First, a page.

Association of bariatric surgery with long-term remission of type 2 diabetes and with microvascular and macrovascular complications

Sjöström L, Peltonen M, Jacobson P, et al. Association of bariatric surgery with long-term remission of type 2 diabetes and with microvascular and macrovascular complications. JAMA. 2014;311(22):2297-2304.

This analysis examined long-term type 2 diabetes remission and macro- and microvascular complications among subjects in the Swedish Obese Subjects (SOS) study who underwent bariatric surgery or were part of the control (usual care) group and had type 2 diabetes at baseline.

SOS included subjects aged 37-60 years with BMI ≥34 kg/m2 (men) or ≥38 kg/m2 (women). The bariatric surgery group received adjustable or nonadjustable banding, vertical banded gastroplasty, or gastric bypass. The control group received customary lifestyle and pharmacologic treatment for obesity and type 2 diabetes.

Current analysis:

  • Bariatric surgery (n=343)
  • Control (n=260)
  • All subjects: type 2 diabetes at baseline

The primary outcomes were as follows: type 2 diabetes remission*, relapse, incidence of diabetes complications. Median follow-up for diabetes assessment in both groups was 10 years; 18.1-year median follow-up in bariatric surgery group and 17.6-year median follow-up in control group for complications.

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Bariatric Surgery Association With Long-Term Type 2 Diabetes Remission and Complications in the SOS Study Design  
Bariatric Surgery Association With Long-Term Type 2 Diabetes Remission and Complications in the SOS Study: Design  

Type 2 diabetes remission
For the primary outcome: type 2 diabetes remission* (proportion in type 2 diabetes remission, %) decreased at Year 15 vs Year 2:

  • At 2 years:
    • Bariatric surgery: 72.3 (219/303)
    • Control: 16.4 (34/207)
    • Unadjusted OR, 13.3; 95% CI, 8.5-20.7; P<0.001
     
  • At 15 years:
    • Bariatric surgery: 30.4 (35/115)
    • Control: 6.5 (4/62)
    • Unadjusted OR, 6.3; 95% CI, 2.1-18.9; P<0.001
     

Greater remission rates were seen with all types of bariatric surgery received in the study (adjustable or nonadjustable banding, vertical banded gastroplasty, gastric bypass) vs usual care (control). Shorter type 2 diabetes duration at baseline was associated with higher diabetes remission rates among subjects who received bariatric surgery at Years 2, 10, and 15. Among subjects who underwent bariatric surgery and had a shorter type 2 diabetes duration at baseline, an association was seen with high remission rate at 2 years (P<0.001), as well as low rate of type 2 diabetes relapse between 2 and 10 years of follow-up (P=0.03).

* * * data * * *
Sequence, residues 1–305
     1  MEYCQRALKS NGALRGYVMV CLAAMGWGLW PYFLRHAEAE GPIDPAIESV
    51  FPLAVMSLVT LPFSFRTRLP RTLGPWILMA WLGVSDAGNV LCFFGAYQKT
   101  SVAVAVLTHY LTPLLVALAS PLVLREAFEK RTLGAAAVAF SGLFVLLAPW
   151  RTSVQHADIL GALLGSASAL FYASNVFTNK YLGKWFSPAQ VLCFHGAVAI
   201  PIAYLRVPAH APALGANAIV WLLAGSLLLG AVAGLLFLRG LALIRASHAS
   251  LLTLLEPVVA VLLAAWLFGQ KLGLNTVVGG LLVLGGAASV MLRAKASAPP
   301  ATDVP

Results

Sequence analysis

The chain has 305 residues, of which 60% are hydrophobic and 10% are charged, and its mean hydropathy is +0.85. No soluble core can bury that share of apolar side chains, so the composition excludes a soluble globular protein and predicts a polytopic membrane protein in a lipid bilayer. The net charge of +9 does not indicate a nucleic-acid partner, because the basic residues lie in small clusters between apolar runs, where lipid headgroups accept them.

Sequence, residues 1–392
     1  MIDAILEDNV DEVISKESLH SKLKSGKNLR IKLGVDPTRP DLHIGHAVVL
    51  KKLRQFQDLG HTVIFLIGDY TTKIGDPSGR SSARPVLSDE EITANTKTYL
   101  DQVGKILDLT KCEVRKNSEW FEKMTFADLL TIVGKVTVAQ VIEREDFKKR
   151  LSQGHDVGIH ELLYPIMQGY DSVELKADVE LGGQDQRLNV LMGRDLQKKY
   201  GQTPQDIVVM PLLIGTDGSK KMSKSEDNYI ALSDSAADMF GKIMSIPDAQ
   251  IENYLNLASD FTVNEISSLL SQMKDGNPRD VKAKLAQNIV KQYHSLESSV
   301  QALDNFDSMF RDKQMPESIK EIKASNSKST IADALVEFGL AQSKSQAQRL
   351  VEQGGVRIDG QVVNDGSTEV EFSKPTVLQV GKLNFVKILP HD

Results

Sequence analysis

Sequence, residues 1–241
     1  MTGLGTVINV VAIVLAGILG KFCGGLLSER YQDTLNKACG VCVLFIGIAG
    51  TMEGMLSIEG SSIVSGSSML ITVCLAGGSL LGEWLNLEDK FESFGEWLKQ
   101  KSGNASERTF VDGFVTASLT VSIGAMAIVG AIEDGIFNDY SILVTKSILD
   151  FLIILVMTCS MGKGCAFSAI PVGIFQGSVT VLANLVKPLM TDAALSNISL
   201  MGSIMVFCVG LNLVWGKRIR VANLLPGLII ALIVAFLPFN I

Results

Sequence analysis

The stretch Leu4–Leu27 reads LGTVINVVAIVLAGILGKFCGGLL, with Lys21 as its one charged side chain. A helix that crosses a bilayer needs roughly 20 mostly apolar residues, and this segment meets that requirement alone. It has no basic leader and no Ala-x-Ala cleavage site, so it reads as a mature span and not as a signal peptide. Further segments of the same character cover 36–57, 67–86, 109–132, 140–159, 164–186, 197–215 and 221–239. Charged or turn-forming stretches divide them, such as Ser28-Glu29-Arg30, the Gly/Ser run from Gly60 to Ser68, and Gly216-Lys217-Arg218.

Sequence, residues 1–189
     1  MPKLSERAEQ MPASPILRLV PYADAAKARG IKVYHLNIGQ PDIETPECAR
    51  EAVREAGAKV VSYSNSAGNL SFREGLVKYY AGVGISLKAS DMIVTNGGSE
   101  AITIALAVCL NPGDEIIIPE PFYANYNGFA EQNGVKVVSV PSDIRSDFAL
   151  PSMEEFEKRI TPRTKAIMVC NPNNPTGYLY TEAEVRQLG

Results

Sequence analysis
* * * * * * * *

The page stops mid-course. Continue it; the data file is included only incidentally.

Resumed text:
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Type 2 Diabetes Remission With Bariatric Surgery Vs Control at 15 Years in SOS  
Type 2 Diabetes Remission With Bariatric Surgery Vs Control at 15 Years in SOS 

Type 2 diabetes complications
For the primary outcome of incidence of type 2 diabetes complications (incidence rate per 1,000 person-years):

  • Microvascular
    • Bariatric surgery: 20.6 (95% CI, 17.0-24.9); 106 events
    • Control: 41.8 (95% CI, 35.3-49.5); 134 events
    • HR, 0.44; 95% CI, 0.34-0.56; P<0.001
     
  • Macrovascular
    • Bariatric surgery: 31.7 (95% CI, 27.0-37.2); 151 events
    • Control: 44.2 (95% CI, 37.5-52.1); 142 events
    • HR, 0.68; 95% CI, 0.54-0.85; P=0.001
     

Longer type 2 diabetes duration at baseline was significantly associated with increased risk of macro- and microvascular complications. 

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Decreased Incidence of Type 2 Diabetes Complications With Bariatric Surgery Vs Control Over Long-Term Follow-up in SOS  
Decreased Incidence of Type 2 Diabetes Complications With Bariatric Surgery Vs Control Over Long-Term Follow-up in SOS 

Weight loss
Mean weight loss was 26.3 kg (21.2%) in the bariatric surgery group (n=304) and 3.0 kg (2.4%) in the control group at 2 years (n=207; P<0.001), and 22.5 kg (18.0%) in the bariatric surgery group (n=239) and 4.4 kg (3.6%) in the control group at 10 years (n=134; P<0.001).  

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Long-Term Weight Loss With Bariatric Surgery Vs Control in SOS   
Long-Term Weight Loss With Bariatric Surgery Vs Control in SOS 

*Blood glucose <110 mg/dL and no antihyperglycemic medication
Microvascular complications: eyes, kidneys, and peripheral nerves, whichever came first; macrovascular complications: legs, heart, and brain, whichever came first 

 
   

June 2014 

This overview was created by KnowledgePoint360 Group, LLC, and was not associated with funding via an educational grant or a promotional/commercial interest.  

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Last Modified: 8/4/2014